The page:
Shanshui Won't Have to Redeem Notes as Chairman to Remain

Updated on
  • Resolution to remove Zhang was voted 99.9% against in meeting
  • Company probably won't have to redeem its 2020 dollar bonds

Shareholders of China Shanshui Cement Group Ltd. voted to keep Chairman Zhang Bin at a meeting in Hong Kong Tuesday amid a fight for control of the nation’s seventh-largest cement maker that’s been dragging on since April.

The Shandong-based group held an extraordinary general meeting during which a proposal from its largest shareholder -- peer Tianrui International Holding Co. -- to get rid of Zhang was rejected after receiving a 99.9 percent no vote, according to statement to Hong Kong stock exchange today. Tianrui International, which has a 28.16 percent interest, has been trying to change Shanshui’s management and had another failed attempt in July.

Shareholder clashes may become more common in Asia’s biggest economy as President Xi Jinping encourages the culling of weaker firms in industries that are grappling with overcapacity. Two of Shanshui’s other shareholders -- China National Building Material Co. and Taiwan’s Asia Cement Corp., which combined hold 37.6 percent -- said last month they’ll make a joint conditional cash offer to acquire all the outstanding shares they don’t already control. The duo reiterated on Oct. 9 they’re still considering that course of action.

“It’s a complicated situation as there are too many entities trying to gain control,” Annisa Lee, a credit analyst at Nomura Holdings Inc., said. “The outlook on the credit depends on what Tianrui, China National Building Material and Asia Cement will do next, if they appoint more Tianrui officials or others on the board.”

No Redemption

The outcome means Shanshui won’t have to redeem its $500 million of 7.5 percent 2020 notes because a change of control clause hasn’t been triggered, Lee said. It wasn’t clear whether Shanshui would have even been able to buy back the notes at 101 percent, given the company’s limited liquidity and uncertainty over its ownership, analysts at independent research firm CreditSights Inc. said.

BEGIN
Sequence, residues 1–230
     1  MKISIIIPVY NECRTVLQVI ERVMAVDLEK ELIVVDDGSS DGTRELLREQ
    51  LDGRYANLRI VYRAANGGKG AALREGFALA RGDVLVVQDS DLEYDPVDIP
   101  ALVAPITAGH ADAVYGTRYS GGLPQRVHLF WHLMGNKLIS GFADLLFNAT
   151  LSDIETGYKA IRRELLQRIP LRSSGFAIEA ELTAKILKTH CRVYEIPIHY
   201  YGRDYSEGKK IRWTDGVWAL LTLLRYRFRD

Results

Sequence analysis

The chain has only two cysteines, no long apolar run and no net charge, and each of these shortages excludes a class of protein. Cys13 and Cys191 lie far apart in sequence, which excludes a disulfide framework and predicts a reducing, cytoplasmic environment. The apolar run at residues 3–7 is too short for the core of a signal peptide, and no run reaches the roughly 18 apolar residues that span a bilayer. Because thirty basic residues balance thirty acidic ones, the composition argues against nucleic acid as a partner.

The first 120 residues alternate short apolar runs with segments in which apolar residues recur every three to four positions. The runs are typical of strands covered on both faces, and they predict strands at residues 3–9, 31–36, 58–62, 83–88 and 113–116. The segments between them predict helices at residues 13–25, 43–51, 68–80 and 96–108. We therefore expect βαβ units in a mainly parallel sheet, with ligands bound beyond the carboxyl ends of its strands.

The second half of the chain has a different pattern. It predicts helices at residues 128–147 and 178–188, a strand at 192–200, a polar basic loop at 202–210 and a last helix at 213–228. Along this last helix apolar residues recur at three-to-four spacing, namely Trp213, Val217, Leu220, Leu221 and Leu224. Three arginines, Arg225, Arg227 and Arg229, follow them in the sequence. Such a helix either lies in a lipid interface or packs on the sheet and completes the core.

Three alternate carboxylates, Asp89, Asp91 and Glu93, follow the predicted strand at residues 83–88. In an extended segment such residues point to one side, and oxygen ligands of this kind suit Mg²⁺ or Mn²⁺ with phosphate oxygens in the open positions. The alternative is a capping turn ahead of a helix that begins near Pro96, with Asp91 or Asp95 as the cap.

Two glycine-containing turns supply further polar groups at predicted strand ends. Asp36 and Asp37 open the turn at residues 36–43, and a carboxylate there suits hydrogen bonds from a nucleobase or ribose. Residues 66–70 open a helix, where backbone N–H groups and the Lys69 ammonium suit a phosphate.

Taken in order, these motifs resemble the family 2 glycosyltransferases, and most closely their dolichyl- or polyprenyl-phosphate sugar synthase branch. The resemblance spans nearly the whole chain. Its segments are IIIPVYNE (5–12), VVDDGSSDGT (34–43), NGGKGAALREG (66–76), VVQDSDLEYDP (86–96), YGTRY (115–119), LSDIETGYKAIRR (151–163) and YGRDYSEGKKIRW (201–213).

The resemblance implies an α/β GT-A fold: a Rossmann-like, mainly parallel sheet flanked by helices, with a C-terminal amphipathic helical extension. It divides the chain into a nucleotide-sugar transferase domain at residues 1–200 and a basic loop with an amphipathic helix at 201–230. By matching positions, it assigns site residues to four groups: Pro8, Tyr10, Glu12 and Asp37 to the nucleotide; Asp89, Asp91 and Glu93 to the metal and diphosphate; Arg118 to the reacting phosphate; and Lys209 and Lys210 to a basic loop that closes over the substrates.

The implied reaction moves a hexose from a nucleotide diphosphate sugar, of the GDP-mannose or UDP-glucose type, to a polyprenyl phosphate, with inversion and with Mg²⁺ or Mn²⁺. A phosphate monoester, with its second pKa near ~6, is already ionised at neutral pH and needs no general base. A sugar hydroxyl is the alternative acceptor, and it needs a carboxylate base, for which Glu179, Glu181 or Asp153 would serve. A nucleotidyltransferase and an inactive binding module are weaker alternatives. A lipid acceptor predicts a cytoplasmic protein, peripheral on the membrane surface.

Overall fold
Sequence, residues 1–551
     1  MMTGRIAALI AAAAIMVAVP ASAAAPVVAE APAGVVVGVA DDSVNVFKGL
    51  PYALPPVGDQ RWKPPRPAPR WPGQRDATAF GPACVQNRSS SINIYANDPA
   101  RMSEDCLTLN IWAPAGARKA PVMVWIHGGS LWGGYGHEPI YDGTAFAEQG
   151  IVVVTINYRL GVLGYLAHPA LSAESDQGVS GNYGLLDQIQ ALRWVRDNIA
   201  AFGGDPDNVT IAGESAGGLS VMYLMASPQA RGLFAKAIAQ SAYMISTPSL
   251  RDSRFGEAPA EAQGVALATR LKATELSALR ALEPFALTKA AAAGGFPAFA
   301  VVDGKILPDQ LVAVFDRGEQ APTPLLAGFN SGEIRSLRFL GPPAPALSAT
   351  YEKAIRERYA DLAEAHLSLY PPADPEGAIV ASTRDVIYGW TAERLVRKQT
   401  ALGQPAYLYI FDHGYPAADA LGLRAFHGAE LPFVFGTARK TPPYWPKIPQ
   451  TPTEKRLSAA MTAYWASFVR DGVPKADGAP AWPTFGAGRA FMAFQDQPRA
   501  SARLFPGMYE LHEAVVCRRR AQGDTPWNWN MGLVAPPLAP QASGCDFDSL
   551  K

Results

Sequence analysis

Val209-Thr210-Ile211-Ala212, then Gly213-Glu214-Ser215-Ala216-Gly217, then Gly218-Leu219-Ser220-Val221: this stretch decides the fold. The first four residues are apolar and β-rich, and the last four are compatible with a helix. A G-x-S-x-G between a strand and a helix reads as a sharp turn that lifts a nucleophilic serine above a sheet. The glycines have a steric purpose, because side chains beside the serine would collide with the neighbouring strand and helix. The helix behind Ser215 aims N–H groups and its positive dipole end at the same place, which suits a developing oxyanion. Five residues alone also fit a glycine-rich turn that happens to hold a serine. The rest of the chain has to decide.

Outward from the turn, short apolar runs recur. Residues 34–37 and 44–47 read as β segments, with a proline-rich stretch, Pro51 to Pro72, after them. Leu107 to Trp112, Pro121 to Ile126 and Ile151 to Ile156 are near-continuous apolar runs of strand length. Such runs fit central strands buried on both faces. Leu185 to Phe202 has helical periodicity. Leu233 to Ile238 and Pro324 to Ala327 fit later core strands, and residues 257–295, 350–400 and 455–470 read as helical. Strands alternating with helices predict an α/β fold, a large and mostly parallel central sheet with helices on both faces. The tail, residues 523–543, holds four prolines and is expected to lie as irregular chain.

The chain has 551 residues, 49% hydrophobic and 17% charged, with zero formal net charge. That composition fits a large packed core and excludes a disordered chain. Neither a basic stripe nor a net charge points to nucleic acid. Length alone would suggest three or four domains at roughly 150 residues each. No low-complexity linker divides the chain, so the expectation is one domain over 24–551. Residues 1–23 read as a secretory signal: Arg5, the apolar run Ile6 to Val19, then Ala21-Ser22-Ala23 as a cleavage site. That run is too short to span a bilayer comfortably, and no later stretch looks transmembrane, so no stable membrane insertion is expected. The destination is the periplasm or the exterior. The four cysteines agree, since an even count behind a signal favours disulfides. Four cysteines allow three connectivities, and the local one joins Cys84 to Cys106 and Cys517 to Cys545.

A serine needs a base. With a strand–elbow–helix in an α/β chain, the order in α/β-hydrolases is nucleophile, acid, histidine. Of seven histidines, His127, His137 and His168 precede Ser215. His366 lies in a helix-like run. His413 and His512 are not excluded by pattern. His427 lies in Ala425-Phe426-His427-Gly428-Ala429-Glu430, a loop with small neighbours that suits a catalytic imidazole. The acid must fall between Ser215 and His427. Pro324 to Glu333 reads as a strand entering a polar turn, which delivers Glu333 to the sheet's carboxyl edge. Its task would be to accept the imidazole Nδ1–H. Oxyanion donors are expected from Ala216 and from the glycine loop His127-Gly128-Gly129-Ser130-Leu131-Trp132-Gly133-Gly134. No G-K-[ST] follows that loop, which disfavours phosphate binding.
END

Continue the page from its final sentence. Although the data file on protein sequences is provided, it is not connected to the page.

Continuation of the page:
The 2020 bonds slid 0.82 cents to 89.66 cents on the dollar as of 10:15 a.m. in Hong Kong, according to prices compiled by Bloomberg. They were sold to investors at 98.98 cents in March. Shares in Shanshui have been halted from trade since April.

Shanshui had initially called the extraordinary general meeting to also vote on the appointment of Li Liufa, a founder of China Tianrui Group Cement Co., as chairman of Shanshui. But it said Monday it hasn’t yet received a notice regarding that, making the proposed appointment no longer applicable.

Shareholders voted 95.1 percent in support of the removal of Zhang Caikui, Zhang Bin’s father, as an executive director at Tuesday’s meeting, according to today’s exchange filing.

Li Cheung Hung and Wu Xiaoyun also had 99.9 percent of votes cast for their removal. Li was the joint company secretary of Shanshui while Wu is a professor of the University of Nankai.

“We see the partial removal of directors as a potential warning sign by the major shareholders,” Mervyn Teo, a credit analyst at Lucror Analytics Pte, wrote in a research note. “The removal did not trigger the change of control in Shanshui’s 2020 bonds. That said, we believe this may only be the start of changes and that Zhang Bin’s position is somewhat tenuous.”

(Updates with analyst comments from fourth paragraph.)
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